First, cut the Forbattra trim boards to the length of the cabinet. Don’t just assume that you know the size of each cabinet and figure out the length from that. Pull out a measuring tape and find the actual length. This needs to be precise.
Next, Ikea trim boards are made so one side of the board has a square-ish edge and one side has a more rounded curve. The curve doesn’t make sense on trim that is connecting to a wall or ceiling, so we cut off the curve side. Cut the board so the trim piece (with the square edge) is the same measurement as your gap minus 1/4 of an inch. If you make it the same exact width as the gap, it won’t fit and your cabinet door won’t be able to open. So the trim needs to be slightly more narrow than the width of the gap.
On the back of the Forbattra trim boards, there is a groove carved the length of the board. Your screws will need to go through this groove exactly. (That was a frustrating lesson to learn the hard way!) Measure how far the groove is from the cut edge of the trim, not the finished edge. Mark that measurement line on the boards that fit in the gap. Then drill two holes in the gap boards through that measurement line. Where on the line doesn’t matter as much as making sure the holes are drilled at a perfect right angle. If the screw goes through the wood at an angle, it won’t end up in the groove on the trim and it will push the whole trim out of whack.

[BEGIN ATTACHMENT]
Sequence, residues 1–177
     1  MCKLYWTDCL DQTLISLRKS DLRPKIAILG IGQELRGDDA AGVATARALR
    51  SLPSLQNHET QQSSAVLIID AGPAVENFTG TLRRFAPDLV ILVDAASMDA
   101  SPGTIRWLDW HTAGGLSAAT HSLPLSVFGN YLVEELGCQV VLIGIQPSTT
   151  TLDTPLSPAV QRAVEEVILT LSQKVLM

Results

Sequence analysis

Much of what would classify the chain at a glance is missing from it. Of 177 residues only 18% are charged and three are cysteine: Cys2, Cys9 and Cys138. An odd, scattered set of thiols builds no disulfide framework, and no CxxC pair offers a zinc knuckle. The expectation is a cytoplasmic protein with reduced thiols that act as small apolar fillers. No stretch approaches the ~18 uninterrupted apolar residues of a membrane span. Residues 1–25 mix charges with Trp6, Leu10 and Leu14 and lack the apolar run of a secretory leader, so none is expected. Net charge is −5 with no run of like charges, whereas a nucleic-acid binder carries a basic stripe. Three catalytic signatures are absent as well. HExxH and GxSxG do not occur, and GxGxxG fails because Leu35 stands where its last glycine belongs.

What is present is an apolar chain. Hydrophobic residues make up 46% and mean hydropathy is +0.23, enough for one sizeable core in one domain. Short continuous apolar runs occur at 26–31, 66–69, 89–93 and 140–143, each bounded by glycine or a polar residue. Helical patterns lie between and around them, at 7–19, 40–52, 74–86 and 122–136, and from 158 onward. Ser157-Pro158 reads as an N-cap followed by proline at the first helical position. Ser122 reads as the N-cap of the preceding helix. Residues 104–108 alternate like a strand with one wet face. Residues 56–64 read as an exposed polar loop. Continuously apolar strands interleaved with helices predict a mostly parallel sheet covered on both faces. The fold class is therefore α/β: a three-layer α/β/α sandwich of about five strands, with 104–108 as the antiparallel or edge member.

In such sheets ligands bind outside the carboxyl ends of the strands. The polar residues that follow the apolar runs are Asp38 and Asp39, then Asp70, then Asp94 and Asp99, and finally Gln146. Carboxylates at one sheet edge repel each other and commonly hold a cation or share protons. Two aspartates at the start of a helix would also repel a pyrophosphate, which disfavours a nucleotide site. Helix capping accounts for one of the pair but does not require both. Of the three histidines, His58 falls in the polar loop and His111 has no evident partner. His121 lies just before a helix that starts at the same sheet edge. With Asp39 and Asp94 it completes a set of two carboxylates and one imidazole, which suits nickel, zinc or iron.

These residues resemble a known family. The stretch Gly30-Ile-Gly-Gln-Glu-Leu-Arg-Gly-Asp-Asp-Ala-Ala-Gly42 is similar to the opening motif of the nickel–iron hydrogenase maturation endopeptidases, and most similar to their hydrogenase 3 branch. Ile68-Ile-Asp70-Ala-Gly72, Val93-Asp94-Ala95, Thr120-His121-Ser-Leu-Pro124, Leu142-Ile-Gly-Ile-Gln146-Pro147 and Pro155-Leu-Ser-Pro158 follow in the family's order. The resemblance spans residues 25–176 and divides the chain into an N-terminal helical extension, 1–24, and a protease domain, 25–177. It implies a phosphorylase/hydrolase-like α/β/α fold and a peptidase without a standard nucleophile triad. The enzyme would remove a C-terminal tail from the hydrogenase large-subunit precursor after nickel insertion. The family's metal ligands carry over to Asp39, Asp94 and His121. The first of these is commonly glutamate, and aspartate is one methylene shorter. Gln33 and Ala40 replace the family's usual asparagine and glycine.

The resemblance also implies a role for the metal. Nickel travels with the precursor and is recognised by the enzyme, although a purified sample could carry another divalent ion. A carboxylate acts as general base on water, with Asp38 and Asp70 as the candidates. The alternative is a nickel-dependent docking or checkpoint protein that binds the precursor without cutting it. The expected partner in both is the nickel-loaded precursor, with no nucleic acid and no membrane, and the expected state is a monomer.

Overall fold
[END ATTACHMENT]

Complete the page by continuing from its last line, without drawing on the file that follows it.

Attach the Forbattra Trim to the Wood
Clamp the gap-size wood pieces to your trim board face down. Line up the screw holes with the groove and the edge of the wood with the cut edge of the trim. Remember, the trim will not be at wide as the board by 1/4 of an inch. Be sure it’s the finished, squared edge of the trim side that has a little extra wood sticking out. That’s the side that will be next to the cabinet door and needs room for the door to open.
Screw the two pieces together, the trim and the gap wood piece. You can use the screws that came with the trim or buy your own, just make sure the screws are long enough to go through the piece of wood, but not too long that they will come through the front of your trim. (Another very frustrating mistake!)
Mount the Kitchen Trim